What I Learned at Skool – CSS Floats – “Slip Sliding Away…”

The float property in CSS is one of the most interesting layout tools and one of the most frustrating. When done right they are almost magical in what they can do.

Done poorly or without a good understanding of the coding process behind them – well let’s say some of my gray hair is due to the slip-slidey nature of floats.

So if you have ever wondered what are floats and how to use them, then you should read this post.

What are floats?

“A float is a box that is shifted to the left or right on the current line. The most interesting characteristic of a float (or “floated” or “floating” box) is that content may flow along its side (or be prohibited from doing so by the ‘clear’ property).”  W3.org

This means that once an element is set to float, the other elements on the page, like text for example will auto-magically flow around it. The float property has 3 active states: left, right and none.

A floated box will sit or float on either the extreme left or extreme right inside its parent div or container.

How are floats used in design?

Floats usually used one of two ways in website design: for allowing text to flow around images and callout boxes or to create page columns.

Text Flowing Around an Image

This is most common method of using the float properly. By allowing the surrounding text to flow around images or callout boxes (containing other text), you can easily mimic the visual layout of a printed magazine or book.

As you can see the text flows around the images and their borders. This same technique could be used for either a callout or text “sidebar” box.

Here is the css code for these image floats..

img.img_left {

float: left;
border: 2px solid;
border-top-color: #333333;
border-left-color: #333333;
border-bottom-color: #999999;
border-right-color: #999999;
padding: 5px 5px;
margin: 5px 5px;
}

img.img_right {
float: right;
border: 2px solid;
border-top-color: #333333;
border-left-color: #333333;
border-bottom-color: #999999;
border-right-color: #999999;
padding: 5px 5px;
margin: 5px 5px;
}

Floated Columns

The next most widely used function of floats is to create “columns”. It is this bit that is most frustrating and confusing for people — even ones who have some web programming experience.

A floated column unlike a standard “fixed’ width design, is more “liquid” (shrinks to fit). This means a page with floated columns can be more easily viewed by a variety of different devices with different screen sizes than ordinary desktop monitors.

And with the flood of web capable mobile devices onto the marketplace – from smartphones, to iPads, netbooks and tablets, designing websites that are somewhat more viewable by a larger range of device is becoming critical.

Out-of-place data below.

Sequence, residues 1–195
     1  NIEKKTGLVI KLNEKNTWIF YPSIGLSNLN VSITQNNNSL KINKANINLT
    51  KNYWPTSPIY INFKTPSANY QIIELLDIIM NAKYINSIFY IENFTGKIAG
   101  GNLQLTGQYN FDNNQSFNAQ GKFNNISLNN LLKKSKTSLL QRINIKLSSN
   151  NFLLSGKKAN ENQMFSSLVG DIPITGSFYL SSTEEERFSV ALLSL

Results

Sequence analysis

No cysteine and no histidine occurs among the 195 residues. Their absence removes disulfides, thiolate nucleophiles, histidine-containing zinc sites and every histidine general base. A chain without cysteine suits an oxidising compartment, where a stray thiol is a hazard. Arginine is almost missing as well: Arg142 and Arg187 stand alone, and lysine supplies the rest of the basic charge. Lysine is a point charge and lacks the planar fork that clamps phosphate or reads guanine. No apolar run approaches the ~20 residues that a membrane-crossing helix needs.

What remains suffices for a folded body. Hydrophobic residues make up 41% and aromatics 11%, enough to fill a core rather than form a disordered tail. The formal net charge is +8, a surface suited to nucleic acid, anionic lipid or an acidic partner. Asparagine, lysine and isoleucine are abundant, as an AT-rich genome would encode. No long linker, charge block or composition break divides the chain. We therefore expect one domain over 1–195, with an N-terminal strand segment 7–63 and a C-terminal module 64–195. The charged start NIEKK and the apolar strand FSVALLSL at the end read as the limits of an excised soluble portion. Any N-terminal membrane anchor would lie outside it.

As you can see the three different columns float up against each other and their sides. This technique can be used for both a main content block and a single sidebar or for several columns as shown.

Now the trick to floating columns is you have to specially code BOTH the HTML and CSS. Yes, I know that ‘they’ told you would never have to touch HTML again to set appearances but ‘they’ lied.

The deal is you have to structure the HTML so that the “sidebars” (or what you want to call your left or right floats pieces) come first. For example in your HTML you MUST set up your page using something like this:

Okay, Okay… I was wrong. All you really have to do is float the very first HTML element in your CSS code. For example the code below is the HTML from your page.

<div id=”maincontent”>Main Content box = Column 2 </div>

<div id=”sidebar”>Left Sidebar = Column 1</div>

<div id=”othersidebar”>Right Sidebar = Column 2 </div>

The “maincontent” has to be floated FIRST in the CSS since it is rendered (placed) first in HTML.

Now in the CSS the trick I have found that works for me is to set the width of your sidebars Main Content box and float it either left or right. – then using the “margin-left” and “margin-right” function to “push” your main content sidebar boxes away from the sides of the wrapper div (exactly the space need for your mash in the sidebars).

Check it out this shorthand code

#content {
margin:0 160px 0 160px;
}

The margin-right is 160px with the margin-left the same since both sidebars are same width. You would change margins to match the sidebar widths.

Floats: Pros and Cons

Now here is the truth. Floats can be freaking hard to work with if you haven’t had a lot of experience working with them. And if you are under some type of deadline or time crunch they are almost impossible.

BUT you can do things with floats that are very difficult or even more time consuming to do with other programming. And a like I mentioned a floated website is more liquid and therefore more viewable in some mobile devices.

But they are very hard to create on the fly – which is why folks that I know have a handy “swipe file” of ready to rock ‘barebones” HTML and CSS templates (with floats).

They already have them setup to suit their needs and can just customize and expand to fit the needs of their clients. You can start your own “swipe file” by visiting http://blog.html.it/layoutgala/ and downloading their barebones CSS layout.